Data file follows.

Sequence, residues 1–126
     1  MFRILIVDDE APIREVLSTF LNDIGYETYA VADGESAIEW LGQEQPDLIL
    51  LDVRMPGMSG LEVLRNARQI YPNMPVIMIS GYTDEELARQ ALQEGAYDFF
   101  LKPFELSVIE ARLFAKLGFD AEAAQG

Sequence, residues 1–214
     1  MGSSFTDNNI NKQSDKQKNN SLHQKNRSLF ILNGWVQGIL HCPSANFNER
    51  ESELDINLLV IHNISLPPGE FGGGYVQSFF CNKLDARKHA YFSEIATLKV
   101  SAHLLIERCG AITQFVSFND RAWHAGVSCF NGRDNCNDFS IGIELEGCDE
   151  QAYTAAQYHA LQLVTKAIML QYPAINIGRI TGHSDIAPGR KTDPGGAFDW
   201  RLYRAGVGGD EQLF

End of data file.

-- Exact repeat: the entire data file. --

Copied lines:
Sequence, residues 1–126
     1  MFRILIVDDE APIREVLSTF LNDIGYETYA VADGESAIEW LGQEQPDLIL
    51  LDVRMPGMSG LEVLRNARQI YPNMPVIMIS GYTDEELARQ ALQEGAYDFF
   101  LKPFELSVIE ARLFAKLGFD AEAAQG

Sequence, residues 1–214
     1  MGSSFTDNNI NKQSDKQKNN SLHQKNRSLF ILNGWVQGIL HCPSANFNER
    51  ESELDINLLV IHNISLPPGE FGGGYVQSFF CNKLDARKHA YFSEIATLKV
   101  SAHLLIERCG AITQFVSFND RAWHAGVSCF NGRDNCNDFS IGIELEGCDE
   151  QAYTAAQYHA LQLVTKAIML QYPAINIGRI TGHSDIAPGR KTDPGGAFDW
   201  RLYRAGVGGD EQLF